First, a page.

A friend of mine e-mailed me the other day in response to my "Awkward Magic Johnson moment". He proceeded to tell me of one of his own awkward moments recently. In a college class, someone in a role of authority decided to tell a couple jokes...
"How do you give CPR to an AIDS patient?" He started stomping on an
imaginary person on the ground with his foot, and blowing in the air
from a standing position.
"The AIDS diet is pancakes because they can be slid under a closed door."
This friend of mine said that in response to each joke, "A room full of my friends cheered and applauded. Again riotous laughter from my peers."
I do not share these jokes with you so that you can go out and use them in your own social circles. I share them in order to call attention to some of the mean and hurtful things that can be and are being said. Can you imagine being an HIV+ person sitting in a college class, where the teacher and students (who you expect to be educated and have a little bit of class) are jointly making these kinds of jokes and remarks? Yeah, of course they don't know that you are sitting there and have HIV. They don't know that it may be personally hurtful to you. But that's the point! They don't know! None of us can know for sure who in our company may be HIV+, or may have a family member or close friend who is HIV+ . So, watch what you say! It is just ignorant and in poor taste.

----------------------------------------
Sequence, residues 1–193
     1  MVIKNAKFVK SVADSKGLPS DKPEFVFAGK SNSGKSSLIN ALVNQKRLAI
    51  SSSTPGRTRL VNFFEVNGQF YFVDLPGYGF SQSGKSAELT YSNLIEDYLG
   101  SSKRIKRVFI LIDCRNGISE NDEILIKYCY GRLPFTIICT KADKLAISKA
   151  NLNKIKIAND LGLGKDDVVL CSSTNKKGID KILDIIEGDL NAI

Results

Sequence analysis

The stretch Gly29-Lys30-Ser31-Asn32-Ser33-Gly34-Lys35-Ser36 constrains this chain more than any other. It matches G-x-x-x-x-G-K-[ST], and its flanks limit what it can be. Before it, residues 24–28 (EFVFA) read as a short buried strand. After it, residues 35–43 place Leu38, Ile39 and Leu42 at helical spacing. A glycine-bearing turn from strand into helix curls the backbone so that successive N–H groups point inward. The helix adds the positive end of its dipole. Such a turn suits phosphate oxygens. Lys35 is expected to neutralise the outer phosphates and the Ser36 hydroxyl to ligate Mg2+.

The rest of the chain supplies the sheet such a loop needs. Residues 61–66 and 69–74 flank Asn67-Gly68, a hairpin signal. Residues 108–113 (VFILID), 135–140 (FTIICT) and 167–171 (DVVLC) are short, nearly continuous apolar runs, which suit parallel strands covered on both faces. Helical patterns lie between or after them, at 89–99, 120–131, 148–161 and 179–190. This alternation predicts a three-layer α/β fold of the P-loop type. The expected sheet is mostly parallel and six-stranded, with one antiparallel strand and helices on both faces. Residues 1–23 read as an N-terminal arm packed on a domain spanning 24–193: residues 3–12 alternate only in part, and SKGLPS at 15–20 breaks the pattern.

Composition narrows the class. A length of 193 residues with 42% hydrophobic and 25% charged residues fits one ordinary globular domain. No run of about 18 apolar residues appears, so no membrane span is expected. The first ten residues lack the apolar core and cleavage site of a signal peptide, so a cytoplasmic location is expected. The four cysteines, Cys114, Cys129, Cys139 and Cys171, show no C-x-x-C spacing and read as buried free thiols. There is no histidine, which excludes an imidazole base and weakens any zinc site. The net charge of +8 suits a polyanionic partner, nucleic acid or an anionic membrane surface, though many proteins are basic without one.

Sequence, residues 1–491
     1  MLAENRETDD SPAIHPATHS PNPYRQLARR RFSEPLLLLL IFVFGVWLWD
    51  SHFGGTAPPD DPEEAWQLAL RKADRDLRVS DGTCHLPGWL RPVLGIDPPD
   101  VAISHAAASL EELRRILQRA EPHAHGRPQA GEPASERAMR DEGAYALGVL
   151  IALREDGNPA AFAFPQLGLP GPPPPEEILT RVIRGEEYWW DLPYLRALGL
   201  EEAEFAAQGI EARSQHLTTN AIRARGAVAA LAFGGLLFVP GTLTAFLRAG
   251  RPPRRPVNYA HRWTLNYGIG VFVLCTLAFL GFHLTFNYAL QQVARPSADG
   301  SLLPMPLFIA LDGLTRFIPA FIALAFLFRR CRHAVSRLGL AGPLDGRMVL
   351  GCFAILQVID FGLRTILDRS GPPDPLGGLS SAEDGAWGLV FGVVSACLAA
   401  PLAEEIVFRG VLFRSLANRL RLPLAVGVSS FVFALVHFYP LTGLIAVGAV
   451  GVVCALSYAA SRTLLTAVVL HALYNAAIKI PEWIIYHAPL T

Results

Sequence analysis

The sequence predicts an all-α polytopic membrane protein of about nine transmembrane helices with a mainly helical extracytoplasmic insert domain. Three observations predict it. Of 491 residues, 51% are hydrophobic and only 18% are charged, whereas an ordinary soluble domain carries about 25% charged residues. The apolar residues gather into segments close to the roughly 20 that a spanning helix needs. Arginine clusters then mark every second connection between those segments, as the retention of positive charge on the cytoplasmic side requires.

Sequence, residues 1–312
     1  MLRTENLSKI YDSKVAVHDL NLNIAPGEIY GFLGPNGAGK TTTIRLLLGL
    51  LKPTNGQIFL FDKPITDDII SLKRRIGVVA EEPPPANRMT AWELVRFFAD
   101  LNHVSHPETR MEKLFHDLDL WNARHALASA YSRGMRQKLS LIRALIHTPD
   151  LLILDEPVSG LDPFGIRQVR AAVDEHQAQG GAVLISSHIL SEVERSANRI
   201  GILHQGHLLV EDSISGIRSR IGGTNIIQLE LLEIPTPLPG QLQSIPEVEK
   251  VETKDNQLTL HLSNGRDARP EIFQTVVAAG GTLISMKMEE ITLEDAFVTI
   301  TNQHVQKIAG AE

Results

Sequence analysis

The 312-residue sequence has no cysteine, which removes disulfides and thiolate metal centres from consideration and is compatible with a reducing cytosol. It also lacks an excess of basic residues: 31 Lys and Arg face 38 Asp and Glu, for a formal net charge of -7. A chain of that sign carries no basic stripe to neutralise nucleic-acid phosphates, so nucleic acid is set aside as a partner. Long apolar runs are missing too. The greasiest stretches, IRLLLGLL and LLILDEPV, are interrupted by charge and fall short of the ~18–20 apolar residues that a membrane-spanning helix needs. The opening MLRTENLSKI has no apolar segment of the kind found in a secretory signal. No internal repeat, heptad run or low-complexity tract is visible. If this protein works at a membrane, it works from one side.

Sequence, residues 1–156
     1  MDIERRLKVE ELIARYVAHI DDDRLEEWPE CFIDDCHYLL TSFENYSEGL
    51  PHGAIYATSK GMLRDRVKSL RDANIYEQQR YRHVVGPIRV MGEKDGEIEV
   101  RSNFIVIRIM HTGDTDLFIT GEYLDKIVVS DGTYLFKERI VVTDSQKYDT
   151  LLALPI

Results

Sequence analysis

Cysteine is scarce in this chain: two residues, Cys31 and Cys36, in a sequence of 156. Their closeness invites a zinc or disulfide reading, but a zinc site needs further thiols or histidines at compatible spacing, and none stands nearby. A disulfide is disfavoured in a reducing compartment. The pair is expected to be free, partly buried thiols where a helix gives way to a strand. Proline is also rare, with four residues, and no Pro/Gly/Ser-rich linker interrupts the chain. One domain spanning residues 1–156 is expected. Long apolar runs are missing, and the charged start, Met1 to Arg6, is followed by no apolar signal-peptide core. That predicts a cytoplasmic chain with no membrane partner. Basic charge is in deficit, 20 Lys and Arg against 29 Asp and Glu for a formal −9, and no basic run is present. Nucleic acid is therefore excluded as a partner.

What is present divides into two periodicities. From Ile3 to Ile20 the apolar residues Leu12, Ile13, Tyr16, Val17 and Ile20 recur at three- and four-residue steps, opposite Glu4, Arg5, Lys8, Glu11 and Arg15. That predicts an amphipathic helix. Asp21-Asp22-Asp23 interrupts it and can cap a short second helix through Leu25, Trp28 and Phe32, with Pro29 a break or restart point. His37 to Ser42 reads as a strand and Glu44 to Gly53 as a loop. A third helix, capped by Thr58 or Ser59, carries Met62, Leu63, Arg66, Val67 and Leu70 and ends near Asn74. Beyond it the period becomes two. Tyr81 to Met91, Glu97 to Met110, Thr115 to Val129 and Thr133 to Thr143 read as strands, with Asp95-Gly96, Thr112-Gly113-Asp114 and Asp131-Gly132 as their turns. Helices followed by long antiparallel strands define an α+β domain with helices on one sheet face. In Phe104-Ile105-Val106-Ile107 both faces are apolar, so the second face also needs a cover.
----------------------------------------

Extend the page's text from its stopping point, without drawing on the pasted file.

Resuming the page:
I am 28. White. A Female. And a former Peace Corps Volunteer. I am HIV Positive. This is my story of how a few months, a few people, and a few events in Zambia changed me and my life forever. This is the story of how I contracted HIV and brought my Peace Corps Journey to a crashing halt... and how I am working now to pick up and put back together the pieces of my life as a newly diagnosed person living with HIV. This was not the journey I had originally planned... my path has traumatically and dramatically changed... but it is the one I am on now. There is no going back. There is only forward. I welcome you to follow along with me as I attempt to explore this new life ahead of me, whether you are someone from the Peace Corps community, or someone living with HIV. I welcome your comments, questions, suggestions, and opinions. Let us go forward together. To start from the beginning, click here He Gave Me More Than A Bracelet.